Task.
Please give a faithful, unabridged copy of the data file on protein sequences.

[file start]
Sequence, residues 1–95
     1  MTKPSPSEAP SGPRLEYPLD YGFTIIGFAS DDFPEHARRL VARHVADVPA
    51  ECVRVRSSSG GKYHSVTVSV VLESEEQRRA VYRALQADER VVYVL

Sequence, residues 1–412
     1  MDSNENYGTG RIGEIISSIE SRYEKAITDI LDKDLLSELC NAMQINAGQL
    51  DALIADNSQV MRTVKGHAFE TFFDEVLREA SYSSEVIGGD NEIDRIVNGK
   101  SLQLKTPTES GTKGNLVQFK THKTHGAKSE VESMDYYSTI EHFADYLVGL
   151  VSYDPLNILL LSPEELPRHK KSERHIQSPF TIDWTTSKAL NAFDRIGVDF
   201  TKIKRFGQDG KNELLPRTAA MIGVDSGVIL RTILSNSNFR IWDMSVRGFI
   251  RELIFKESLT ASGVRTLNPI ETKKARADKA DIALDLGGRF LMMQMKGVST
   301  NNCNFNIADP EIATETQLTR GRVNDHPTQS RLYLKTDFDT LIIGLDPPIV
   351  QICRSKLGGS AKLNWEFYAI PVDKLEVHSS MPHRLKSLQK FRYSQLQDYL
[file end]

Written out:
Sequence, residues 1–95
     1  MTKPSPSEAP SGPRLEYPLD YGFTIIGFAS DDFPEHARRL VARHVADVPA
    51  ECVRVRSSSG GKYHSVTVSV VLESEEQRRA VYRALQADER VVYVL

Sequence, residues 1–412
     1  MDSNENYGTG RIGEIISSIE SRYEKAITDI LDKDLLSELC NAMQINAGQL
    51  DALIADNSQV MRTVKGHAFE TFFDEVLREA SYSSEVIGGD NEIDRIVNGK
   101  SLQLKTPTES GTKGNLVQFK THKTHGAKSE VESMDYYSTI EHFADYLVGL
   151  VSYDPLNILL LSPEELPRHK KSERHIQSPF TIDWTTSKAL NAFDRIGVDF
   201  TKIKRFGQDG KNELLPRTAA MIGVDSGVIL RTILSNSNFR IWDMSVRGFI
   251  RELIFKESLT ASGVRTLNPI ETKKARADKA DIALDLGGRF LMMQMKGVST
   301  NNCNFNIADP EIATETQLTR GRVNDHPTQS RLYLKTDFDT LIIGLDPPIV
   351  QICRSKLGGS AKLNWEFYAI PVDKLEVHSS MPHRLKSLQK FRYSQLQDYL